Listening to Lee Hood describe his futuristic visions of immunology-nay, of biology-it is easy to feel like a cripple in the midst of Olympic sprinters. DNA sequencing, for example, will be entirely automatized: In the future, you will simply drop a tiny speck of tissue into one end of a machine and then collect the data, digested for your convenience by a computer, at the other. The scale of work will be reduced to picogram quantities, a mere nothing compared to the scale you work on now. You will hardly need to spend any time in the laboratory; you will just stop by in the morning to turn on the robotics, and while you are on a lecture tour or fishing in the bay of Baja California, they will slave away for you like zombies in a third-rate horror movie. You won't even need to think; artificial brains will do that for you. And when it comes time to write a paper, there will be a computer program for that too, with standardized columns like those on a tax-return form. The word processors of the nth generation will actually be data processors: They will know what to do with experimental results much better than you, and they will turn out fool-proof manuscripts above the criticism of any reviewer. Correction: Actually, in the future, there will be no manuscripts, no papers, no journals; all communication will be via computer. At some point communication may even be strictly amongst computers, and then you will have nothing to say to all this at all.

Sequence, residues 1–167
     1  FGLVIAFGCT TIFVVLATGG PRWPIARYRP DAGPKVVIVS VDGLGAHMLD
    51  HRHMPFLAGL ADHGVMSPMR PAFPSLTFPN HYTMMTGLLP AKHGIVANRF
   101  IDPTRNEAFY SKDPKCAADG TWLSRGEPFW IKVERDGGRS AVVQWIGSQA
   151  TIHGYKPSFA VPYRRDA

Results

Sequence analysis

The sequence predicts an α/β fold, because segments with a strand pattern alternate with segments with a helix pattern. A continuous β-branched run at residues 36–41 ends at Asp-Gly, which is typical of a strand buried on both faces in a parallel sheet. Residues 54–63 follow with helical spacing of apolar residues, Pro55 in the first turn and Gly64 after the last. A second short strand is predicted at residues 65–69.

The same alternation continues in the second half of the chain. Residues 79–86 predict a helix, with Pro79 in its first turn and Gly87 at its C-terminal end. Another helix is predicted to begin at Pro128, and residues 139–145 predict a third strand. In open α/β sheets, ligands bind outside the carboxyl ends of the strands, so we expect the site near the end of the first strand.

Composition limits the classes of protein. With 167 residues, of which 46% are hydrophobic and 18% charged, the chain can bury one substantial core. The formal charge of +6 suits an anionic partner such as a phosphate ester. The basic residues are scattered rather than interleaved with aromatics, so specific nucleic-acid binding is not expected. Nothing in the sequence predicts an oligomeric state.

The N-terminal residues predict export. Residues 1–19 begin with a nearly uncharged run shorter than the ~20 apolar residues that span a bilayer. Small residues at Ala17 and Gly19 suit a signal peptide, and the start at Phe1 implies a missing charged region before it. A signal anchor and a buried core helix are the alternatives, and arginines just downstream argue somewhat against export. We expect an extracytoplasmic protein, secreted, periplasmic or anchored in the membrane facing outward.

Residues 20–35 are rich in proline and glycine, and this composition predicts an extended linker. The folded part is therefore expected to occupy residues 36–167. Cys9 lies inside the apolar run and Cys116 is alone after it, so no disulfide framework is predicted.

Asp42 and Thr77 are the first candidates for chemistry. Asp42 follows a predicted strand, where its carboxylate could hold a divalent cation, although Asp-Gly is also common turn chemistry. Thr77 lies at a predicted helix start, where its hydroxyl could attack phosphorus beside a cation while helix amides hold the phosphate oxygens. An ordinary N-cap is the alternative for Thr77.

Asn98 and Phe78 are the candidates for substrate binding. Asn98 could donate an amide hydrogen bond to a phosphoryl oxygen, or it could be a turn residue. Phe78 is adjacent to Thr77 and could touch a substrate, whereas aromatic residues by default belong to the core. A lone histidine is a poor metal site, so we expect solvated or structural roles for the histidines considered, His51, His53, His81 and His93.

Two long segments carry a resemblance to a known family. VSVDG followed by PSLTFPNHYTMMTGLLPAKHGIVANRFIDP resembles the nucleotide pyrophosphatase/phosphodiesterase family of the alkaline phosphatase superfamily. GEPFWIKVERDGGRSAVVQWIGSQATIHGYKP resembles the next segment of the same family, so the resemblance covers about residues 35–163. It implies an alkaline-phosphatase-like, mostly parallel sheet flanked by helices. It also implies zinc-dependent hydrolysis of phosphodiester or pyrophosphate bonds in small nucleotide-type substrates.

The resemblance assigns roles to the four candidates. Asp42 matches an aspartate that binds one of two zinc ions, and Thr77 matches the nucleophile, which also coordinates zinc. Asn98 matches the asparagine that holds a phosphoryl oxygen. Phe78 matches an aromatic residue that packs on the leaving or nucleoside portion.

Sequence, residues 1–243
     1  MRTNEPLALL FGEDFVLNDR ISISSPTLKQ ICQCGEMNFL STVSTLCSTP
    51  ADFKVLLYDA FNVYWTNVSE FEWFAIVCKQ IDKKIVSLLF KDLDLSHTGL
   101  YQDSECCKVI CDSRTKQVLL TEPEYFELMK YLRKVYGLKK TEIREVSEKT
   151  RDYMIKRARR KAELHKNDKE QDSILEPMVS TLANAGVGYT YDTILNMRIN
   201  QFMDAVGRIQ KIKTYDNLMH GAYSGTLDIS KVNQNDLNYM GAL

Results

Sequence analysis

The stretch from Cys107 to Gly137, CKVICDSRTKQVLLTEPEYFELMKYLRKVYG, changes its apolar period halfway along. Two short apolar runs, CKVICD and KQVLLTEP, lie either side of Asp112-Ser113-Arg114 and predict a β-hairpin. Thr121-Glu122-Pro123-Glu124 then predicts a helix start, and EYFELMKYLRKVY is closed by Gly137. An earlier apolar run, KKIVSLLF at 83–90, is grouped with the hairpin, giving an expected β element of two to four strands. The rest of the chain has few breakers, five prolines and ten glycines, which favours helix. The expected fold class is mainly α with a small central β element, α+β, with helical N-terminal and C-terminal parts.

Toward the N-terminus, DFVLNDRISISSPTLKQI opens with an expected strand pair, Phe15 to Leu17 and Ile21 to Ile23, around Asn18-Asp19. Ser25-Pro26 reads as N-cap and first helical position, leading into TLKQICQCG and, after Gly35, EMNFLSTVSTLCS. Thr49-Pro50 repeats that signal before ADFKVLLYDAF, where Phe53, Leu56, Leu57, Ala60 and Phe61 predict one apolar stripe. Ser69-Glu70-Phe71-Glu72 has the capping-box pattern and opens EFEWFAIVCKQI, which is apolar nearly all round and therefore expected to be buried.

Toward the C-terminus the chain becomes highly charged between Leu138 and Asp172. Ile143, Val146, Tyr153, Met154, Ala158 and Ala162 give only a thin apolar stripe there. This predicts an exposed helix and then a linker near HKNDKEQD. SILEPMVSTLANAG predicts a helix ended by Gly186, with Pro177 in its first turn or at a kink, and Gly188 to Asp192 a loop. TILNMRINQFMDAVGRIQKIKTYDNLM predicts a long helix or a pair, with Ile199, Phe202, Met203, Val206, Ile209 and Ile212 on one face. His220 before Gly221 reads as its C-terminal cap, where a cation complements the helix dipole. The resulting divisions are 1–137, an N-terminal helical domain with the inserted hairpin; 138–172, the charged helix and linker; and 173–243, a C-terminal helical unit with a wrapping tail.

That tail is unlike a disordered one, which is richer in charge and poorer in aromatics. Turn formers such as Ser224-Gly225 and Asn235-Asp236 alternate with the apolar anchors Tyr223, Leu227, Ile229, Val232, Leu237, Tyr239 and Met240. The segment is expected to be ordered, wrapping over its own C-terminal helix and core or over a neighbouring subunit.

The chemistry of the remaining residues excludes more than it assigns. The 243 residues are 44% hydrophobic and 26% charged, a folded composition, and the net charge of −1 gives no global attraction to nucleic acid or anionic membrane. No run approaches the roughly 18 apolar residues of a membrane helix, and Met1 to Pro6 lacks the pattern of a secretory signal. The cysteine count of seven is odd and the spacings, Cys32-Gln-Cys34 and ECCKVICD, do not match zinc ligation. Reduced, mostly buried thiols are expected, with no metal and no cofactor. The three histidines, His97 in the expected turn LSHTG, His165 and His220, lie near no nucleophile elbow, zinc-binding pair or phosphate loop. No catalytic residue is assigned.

All Science Journal Classification (ASJC) codes
- Immunology and Allergy